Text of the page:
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I am having trouble finding the sum of

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Since I'm sure this is a geometric series and the first term would be (13/14) I used the equation (13/14)/(1-(13/14)) but that didn't seem to be the answer. Any help would be appreciated.

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  • $\begingroup$ It’s not a geometric series: $4^2+9^2\ne 13^2$, for instance. Can you see how to split it as a sum of two series that genuinely are geometric? $\endgroup$ – Brian M. Scott Feb 17 '15 at 4:07
  • $\begingroup$ Would (4^n)/(14^n)+(9^n)/(14^n) work? $\endgroup$ – JMartinez Feb 17 '15 at 4:11
  • $\begingroup$ It would indeed. Then you can use the fact that $\frac{a^n}{b^n}=\left(\frac{a}b\right)^n$. $\endgroup$ – Brian M. Scott Feb 17 '15 at 4:18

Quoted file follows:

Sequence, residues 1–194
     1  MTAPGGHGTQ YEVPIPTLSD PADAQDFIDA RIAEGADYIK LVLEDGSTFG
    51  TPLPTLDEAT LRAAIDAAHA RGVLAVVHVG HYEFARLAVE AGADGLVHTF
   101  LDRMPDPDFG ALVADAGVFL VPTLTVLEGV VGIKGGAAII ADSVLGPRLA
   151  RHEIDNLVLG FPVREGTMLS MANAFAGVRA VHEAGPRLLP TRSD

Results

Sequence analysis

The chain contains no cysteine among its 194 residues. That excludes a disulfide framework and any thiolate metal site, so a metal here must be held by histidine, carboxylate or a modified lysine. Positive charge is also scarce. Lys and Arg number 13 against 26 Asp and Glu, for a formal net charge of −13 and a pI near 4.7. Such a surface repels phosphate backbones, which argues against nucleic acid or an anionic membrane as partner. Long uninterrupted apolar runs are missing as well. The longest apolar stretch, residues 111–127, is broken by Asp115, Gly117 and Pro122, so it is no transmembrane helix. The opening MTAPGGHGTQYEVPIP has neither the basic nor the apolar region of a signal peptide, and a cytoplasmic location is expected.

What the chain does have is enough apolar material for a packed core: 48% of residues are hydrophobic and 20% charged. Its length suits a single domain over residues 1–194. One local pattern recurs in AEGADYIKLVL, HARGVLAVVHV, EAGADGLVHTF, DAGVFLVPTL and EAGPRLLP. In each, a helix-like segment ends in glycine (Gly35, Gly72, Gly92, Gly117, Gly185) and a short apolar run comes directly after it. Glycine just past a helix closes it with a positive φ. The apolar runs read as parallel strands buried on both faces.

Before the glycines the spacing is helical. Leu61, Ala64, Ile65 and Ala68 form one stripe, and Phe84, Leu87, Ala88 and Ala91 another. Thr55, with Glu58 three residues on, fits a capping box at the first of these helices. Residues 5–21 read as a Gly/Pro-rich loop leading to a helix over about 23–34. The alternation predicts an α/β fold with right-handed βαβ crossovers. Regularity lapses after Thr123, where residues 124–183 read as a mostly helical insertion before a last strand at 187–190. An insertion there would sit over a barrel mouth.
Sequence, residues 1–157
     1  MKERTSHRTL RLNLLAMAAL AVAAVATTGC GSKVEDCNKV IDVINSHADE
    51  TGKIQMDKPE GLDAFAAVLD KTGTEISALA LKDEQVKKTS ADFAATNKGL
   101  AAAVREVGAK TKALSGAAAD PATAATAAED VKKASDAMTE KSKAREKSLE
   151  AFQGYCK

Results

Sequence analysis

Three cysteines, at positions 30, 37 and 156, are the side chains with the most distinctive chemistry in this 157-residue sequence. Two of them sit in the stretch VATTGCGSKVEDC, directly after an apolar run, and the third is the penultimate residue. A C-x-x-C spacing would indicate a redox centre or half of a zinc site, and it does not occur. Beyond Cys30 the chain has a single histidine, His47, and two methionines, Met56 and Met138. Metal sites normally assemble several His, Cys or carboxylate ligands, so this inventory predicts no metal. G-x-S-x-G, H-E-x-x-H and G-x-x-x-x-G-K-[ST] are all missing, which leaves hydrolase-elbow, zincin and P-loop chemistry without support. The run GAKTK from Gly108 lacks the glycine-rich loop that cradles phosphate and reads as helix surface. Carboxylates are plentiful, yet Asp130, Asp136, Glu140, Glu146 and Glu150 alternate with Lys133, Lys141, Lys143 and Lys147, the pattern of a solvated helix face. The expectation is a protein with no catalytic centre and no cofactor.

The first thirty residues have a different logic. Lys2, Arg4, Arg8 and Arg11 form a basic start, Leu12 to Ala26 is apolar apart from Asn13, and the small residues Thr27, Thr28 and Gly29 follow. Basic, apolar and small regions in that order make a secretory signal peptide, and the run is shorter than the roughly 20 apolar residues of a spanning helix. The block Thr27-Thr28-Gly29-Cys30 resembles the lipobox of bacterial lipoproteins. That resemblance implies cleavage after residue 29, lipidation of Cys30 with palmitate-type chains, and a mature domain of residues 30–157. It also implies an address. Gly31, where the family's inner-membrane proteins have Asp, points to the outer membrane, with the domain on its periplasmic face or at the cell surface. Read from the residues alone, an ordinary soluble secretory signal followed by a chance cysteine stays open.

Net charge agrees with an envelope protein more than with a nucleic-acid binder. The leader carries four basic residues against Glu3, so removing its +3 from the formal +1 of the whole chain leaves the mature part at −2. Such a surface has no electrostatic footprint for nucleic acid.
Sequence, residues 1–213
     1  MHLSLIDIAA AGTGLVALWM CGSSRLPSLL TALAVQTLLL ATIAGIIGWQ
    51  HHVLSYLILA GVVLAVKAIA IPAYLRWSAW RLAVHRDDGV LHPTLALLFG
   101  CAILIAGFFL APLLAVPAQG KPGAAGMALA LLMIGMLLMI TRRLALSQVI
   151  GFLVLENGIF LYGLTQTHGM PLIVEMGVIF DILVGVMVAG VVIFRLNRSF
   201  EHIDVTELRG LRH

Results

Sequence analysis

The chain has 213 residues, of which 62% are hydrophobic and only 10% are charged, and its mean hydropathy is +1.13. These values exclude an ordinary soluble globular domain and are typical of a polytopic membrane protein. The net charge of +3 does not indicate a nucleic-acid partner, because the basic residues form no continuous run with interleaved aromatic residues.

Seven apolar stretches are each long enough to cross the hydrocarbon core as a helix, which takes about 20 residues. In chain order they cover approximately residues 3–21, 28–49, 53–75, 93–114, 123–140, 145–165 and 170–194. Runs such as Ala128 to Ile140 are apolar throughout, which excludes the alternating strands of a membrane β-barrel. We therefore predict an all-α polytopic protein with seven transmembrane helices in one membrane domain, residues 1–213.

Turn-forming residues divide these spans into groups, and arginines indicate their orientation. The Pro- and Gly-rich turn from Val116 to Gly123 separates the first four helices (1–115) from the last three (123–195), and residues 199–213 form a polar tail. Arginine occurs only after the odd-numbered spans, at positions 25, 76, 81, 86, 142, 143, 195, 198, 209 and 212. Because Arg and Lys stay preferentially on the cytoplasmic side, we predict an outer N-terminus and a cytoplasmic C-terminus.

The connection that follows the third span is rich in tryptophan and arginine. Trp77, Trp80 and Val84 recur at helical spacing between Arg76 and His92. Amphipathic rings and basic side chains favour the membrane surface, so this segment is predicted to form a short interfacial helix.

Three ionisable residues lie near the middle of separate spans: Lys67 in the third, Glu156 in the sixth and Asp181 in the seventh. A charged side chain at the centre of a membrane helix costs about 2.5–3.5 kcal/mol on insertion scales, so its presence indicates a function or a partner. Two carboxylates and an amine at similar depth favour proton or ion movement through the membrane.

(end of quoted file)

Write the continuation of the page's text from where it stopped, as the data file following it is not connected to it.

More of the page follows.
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Hint: $$\sum_{n=1}^{\infty}{\Big(\frac{4^n + 9^n}{14^n}}\Big) = \sum_{n=1}^{\infty}\Big[ \Big(\frac{4}{14}\Big)^n + \Big(\frac{9}{14} \Big)^n \Big]$$

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  • $\begingroup$ Maybe you would want to show a one-line proof of why the series at all converges. $\endgroup$ – Landon Carter Feb 17 '15 at 4:13
  • $\begingroup$ Since there are two fractions would I have to do [(4/14)/(1-(4/14))+(9/14)/(1-(9/14))]? $\endgroup$ – JMartinez Feb 17 '15 at 4:15

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